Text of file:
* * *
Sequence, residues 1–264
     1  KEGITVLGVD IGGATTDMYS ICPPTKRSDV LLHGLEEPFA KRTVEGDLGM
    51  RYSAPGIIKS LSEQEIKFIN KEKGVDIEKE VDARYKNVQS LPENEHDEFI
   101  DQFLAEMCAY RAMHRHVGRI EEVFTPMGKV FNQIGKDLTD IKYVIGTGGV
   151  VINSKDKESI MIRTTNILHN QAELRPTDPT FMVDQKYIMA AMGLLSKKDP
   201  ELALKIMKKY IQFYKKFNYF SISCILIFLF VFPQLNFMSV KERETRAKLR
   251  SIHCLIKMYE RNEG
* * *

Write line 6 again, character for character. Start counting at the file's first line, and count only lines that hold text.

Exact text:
   201  ELALKIMKKY IQFYKKFNYF SISCILIFLF VFPQLNFMSV KERETRAKLR